Sunday, September 26, 2010

Against Me

I read Genesis 42 this morning. It was famine. Jacob had lost his most beloved son years before. In sending ten of his others to Egypt for grain to keep the family from starving, Simeon was taken captive by a foreign power. And that same power demanded Benjamin, too. Jacob had no choices, and he expected no good thing.

"And Jacob their father said to them, 'You have bereaved me:
Joseph is no more, Simeon is no more, and you want to take Benjamin.
All these things are against me.
...My son shall not go down with you, for his brother is dead, and he is left alone.
If any calamity shall befall him along the way in which you go,
then you would bring down my gray hair with sorrow to the grave.'"
(Genesis 42:36)

Jacob was not able to see the end. But we get to. We get to see his heartbroken grief and fear. His "I can't take another thing! It'll kill me. I'll die if my sorrows increase." Two sons were dead, and the third would die, too. I read his grieving words, his fearful words, and I cried for him. But I've read the end before.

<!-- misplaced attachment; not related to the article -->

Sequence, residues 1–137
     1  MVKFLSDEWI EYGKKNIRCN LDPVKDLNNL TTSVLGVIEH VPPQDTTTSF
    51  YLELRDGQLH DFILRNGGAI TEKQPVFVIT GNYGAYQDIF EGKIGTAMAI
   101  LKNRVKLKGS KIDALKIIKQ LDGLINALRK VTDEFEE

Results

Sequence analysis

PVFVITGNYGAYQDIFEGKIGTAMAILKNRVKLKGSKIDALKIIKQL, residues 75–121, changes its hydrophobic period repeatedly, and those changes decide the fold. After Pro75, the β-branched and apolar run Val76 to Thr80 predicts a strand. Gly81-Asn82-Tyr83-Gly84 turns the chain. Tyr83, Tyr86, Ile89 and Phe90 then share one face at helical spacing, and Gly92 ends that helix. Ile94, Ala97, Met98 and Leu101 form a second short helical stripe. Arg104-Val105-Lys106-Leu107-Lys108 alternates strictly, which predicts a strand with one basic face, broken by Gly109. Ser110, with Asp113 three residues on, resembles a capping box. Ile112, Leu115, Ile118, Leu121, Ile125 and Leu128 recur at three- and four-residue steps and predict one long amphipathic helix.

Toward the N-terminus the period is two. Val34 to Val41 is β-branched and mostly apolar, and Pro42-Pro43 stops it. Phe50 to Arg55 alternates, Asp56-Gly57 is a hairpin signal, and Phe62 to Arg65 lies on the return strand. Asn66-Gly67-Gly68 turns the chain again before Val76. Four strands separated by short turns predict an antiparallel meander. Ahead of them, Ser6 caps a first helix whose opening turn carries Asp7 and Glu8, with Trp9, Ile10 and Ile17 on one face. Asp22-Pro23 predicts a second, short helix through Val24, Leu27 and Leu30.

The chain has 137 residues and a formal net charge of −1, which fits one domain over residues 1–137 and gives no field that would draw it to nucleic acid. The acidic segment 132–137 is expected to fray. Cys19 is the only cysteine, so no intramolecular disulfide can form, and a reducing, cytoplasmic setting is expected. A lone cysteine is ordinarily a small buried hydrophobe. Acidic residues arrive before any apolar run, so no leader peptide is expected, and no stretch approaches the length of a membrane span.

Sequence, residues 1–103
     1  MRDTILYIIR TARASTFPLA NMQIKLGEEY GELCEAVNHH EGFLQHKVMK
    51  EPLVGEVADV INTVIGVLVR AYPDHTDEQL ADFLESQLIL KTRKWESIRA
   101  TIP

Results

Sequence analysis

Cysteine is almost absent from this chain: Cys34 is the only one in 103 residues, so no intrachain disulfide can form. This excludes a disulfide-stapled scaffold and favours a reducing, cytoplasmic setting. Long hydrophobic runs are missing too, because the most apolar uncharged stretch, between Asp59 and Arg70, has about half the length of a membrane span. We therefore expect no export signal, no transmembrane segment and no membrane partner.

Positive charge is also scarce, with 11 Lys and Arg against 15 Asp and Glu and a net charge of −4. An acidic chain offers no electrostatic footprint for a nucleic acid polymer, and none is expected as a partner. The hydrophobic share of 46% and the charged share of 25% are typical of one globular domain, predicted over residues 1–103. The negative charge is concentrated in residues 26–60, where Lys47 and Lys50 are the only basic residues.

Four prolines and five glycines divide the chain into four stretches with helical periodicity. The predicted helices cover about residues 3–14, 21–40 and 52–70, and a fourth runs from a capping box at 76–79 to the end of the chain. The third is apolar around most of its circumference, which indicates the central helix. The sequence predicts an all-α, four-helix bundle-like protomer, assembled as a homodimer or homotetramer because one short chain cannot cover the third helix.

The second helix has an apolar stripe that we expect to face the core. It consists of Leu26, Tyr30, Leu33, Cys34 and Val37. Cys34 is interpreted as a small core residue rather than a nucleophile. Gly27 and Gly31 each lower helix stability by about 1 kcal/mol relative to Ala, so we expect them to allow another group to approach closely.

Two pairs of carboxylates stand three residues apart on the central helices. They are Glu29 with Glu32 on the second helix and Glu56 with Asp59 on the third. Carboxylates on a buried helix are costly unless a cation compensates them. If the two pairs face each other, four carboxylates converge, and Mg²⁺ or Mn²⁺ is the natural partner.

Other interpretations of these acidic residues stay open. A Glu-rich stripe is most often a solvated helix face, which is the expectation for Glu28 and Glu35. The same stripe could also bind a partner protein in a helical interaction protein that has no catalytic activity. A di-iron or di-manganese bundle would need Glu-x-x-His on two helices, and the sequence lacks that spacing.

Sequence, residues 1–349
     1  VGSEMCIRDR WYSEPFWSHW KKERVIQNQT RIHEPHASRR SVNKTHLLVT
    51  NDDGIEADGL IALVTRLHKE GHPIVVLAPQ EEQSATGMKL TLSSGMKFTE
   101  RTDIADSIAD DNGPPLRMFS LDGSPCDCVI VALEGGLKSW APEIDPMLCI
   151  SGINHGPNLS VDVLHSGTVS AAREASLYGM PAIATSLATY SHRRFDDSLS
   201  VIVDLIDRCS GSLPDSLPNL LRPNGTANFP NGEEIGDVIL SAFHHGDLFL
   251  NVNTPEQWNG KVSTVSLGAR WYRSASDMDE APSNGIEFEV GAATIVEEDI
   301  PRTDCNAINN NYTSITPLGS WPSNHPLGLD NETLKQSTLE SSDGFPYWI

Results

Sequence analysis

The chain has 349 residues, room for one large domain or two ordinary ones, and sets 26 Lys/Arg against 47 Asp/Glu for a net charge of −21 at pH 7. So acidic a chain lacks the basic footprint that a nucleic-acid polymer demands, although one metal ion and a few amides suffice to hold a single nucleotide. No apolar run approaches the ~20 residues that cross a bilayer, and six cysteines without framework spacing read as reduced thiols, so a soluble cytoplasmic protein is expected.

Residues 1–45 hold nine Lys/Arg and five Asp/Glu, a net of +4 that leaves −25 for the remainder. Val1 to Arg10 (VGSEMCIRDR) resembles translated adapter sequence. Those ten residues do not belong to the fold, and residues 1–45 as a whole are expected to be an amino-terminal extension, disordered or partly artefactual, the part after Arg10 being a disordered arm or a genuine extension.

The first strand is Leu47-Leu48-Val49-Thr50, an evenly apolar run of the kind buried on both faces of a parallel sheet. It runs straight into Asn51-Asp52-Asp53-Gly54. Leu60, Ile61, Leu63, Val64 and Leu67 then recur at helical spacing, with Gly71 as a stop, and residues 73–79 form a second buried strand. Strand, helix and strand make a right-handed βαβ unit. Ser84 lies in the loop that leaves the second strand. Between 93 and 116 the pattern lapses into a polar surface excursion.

He said, "All these things are against me."

Were they? They looked like it. It had been years of miserable sorrow. Of Joseph, torn by a wild beast, of ten sons walking in fear and guilt, and of his last son, clung to as 'the one left alone' -- all he had left from Rachel, the woman he loved at first sight and worked fourteen years to get. But reality was, His Father had been working all these miserable things together for his good for all those years. Joseph's loss was his salvation. Simeon's loss dragged Benjamin down there. And Benjamin's loss brought all the rest to exactly the place where God wanted that family -- and to a reconciled, whole, fed condition.

What Jacob said was true. They had bereaved him. But remarkably, God untwisted their handiwork and saved Joseph, Jacob, the ten guilty brothers, Benjamin, and all their family in spite of it and through it. All these things were being worked together for Jacob's good all along. But they were also being worked together for the good of his guilty sons. To restore them all to each other.

Jacob said, "I'll be brought down in sorrow to the grave."